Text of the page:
Low tax burden: Utah has a relatively low tax burden compared to other states, making it an attractive destination for retirees looking to stretch their retirement savings.
What puts people off retiring to Utah?
Harsh weather conditions: Utah's climate can vary greatly depending on the region, but winters can be harsh, with cold temperatures and heavy snowfall. This could be a concern for retirees who prefer a milder climate.
Cultural differences: Utah has a distinct culture and is known for its predominant religion, The Church of Jesus Christ of Latter-day Saints. This could be a concern for retirees who are not familiar with or do not share the same beliefs.
Limited healthcare options: Some areas of Utah have limited healthcare options, which could be a concern for retirees who require specialized medical care.
Best places to retire in Utah
If Utah is your chosen retirement state, here are some of the best places to retire in:
St. George: Located in the southwestern part of the state, St. George is known for its sunny weather, golf courses, and proximity to several national parks, including Zion National Park. The city also offers a vibrant arts scene, with galleries, theaters, and museums.
Park City: Located in the mountains east of Salt Lake City, Park City is a popular ski destination in the winter and a thriving resort town in the summer. Retirees can enjoy outdoor activities such as hiking, golfing, and mountain biking, as well as a variety of cultural events, including the Sundance Film Festival.
Salt Lake City: Utah's capital city offers a diverse range of cultural activities, including museums, galleries, and theaters. The city is also home to several universities and has a thriving downtown area with restaurants, shops, and entertainment venues.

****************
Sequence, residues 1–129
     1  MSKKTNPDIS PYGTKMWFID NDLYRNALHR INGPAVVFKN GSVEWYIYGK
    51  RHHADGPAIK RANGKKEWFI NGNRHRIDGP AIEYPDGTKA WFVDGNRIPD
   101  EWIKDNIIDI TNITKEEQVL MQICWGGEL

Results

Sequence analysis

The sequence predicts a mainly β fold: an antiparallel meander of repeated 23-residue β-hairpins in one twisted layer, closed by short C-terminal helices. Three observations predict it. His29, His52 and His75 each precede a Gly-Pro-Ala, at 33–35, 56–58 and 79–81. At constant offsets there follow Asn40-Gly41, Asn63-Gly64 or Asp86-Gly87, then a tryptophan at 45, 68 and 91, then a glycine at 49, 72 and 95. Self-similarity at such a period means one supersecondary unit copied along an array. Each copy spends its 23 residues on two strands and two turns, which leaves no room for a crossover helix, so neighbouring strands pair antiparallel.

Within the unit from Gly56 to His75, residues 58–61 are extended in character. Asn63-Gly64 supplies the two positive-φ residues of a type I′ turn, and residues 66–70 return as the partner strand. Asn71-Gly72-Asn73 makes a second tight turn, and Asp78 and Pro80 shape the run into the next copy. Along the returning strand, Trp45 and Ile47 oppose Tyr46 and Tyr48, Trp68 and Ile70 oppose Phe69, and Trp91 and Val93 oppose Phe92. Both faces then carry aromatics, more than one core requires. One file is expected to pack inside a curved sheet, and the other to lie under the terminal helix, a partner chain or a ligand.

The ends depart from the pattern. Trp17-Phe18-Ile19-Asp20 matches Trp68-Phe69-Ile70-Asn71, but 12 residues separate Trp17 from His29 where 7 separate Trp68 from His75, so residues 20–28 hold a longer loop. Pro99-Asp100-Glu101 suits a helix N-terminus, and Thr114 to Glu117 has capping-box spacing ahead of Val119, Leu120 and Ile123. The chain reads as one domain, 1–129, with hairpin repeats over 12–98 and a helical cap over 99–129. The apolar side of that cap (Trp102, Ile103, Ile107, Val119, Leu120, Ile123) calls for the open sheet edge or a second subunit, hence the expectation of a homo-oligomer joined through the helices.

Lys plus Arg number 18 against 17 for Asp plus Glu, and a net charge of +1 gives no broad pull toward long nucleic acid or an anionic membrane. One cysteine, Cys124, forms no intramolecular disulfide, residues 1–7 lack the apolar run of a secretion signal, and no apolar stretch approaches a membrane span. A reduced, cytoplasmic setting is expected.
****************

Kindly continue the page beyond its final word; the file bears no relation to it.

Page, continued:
Cedar City: Located in southern Utah, Cedar City is a smaller city with a low cost of living and access to outdoor recreation, including hiking, camping, and fishing. The city is also home to the Utah Shakespeare Festival, a popular cultural event.
Moab: Located in eastern Utah, Moab is known for its stunning red rock formations and is a popular destination for outdoor enthusiasts, particularly hikers and mountain bikers. The city also offers a variety of cultural activities, including art galleries and music festivals.
Ogden: Located north of Salt Lake City, Ogden is a smaller city with a growing downtown area and access to outdoor recreation, including skiing and hiking. The city is also home to several museums and historic sites.
In conclusion, Utah offers a scenic environment for potential retirees, with a thriving cultural scene. However, consideration should also be given to the state’s predominant religion and its influence on residents. It's important to seek expert financial advice to weigh up all of the costs associated with retiring in Utah, including property taxes, insurance, and living expenses, in order to make an informed decision about whether the state is the right choice for your retirement.
Kate has written for leading publications and blue chip companies over the last 20 years.